Storing cartridge: Prosecutor demands supervised release for ex-defendant in White Legion case


The prosecutor demanded one year of restriction of liberty for the former defendant in the White Legion case Andrey Byalyauski without sending him to penitentiary institutions.

On December 12, the Belarusian Investigative Committee formally charged Andrey Byalyauski under Art. 295-1 of the Criminal Code (illegal manufacturing, purchase, transfer into possession, sale, storage, transportation, transfer or carrying of firearms, ammunition, explosives, etc.) for storing one cartridge.

During the court debate, prosecutor Alyaksei Kislyak said that Byalauski had fully admitted his guilt. The defendant told investigators that he had found a cartridge in the newly-purchased car.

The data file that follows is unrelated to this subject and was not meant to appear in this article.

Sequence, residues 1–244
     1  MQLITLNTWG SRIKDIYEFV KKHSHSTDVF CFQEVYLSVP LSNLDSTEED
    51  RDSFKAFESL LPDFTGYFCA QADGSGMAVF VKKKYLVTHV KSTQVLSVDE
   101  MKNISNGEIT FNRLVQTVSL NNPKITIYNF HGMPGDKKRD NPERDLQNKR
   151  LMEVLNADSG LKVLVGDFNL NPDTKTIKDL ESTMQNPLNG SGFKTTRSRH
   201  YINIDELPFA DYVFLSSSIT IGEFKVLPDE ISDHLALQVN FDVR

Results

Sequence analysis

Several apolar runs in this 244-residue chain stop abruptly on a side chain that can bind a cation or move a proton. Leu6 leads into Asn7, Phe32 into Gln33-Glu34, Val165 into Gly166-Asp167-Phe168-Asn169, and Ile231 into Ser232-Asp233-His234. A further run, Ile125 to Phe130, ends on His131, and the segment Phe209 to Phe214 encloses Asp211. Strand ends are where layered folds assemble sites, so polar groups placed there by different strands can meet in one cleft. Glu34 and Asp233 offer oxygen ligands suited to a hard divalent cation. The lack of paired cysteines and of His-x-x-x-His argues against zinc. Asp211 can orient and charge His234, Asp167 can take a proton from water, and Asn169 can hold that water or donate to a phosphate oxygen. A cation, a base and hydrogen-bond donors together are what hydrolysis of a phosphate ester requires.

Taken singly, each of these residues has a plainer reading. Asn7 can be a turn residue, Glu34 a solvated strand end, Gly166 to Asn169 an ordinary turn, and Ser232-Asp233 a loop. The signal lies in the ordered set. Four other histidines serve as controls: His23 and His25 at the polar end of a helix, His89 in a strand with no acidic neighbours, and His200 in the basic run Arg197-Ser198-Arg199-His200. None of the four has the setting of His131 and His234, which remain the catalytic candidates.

In turn, his defense lawyer stressed that Byalyauski had never had an intention to check the combat capability of the cartridge. According to him, the defendant took it home as a souvenir, where it was kept until May 24, 2017, and forgot about its existence.

“The cartridge found cannot be used without arms; it poses no threat on its own. Stun guns or gas cylinders are more dangerous,” he said.

On March 21, president Alyaksandr Lukashenka stated that several dozen persons ‘trained how to deal with weapons in [special] camps’ had been arrested in Belarus. According to him, such camps were located not far from the Belarusian towns of Babruysk and Asipovichy.

About 30 persons – former members of the White Legion, state-authorized sports and military club Patriot, Young Front activists as well as people who are not associated with any organizations, landed up in jail after Lukashenka’s words about ‘armed militants’ posing a threat to Belarus.

However, the first-ever case that had been opened under Article 287 of the Belarusian Criminal Code was closed on November 27. Andrey Byalyauski was released from prison on June, 2.

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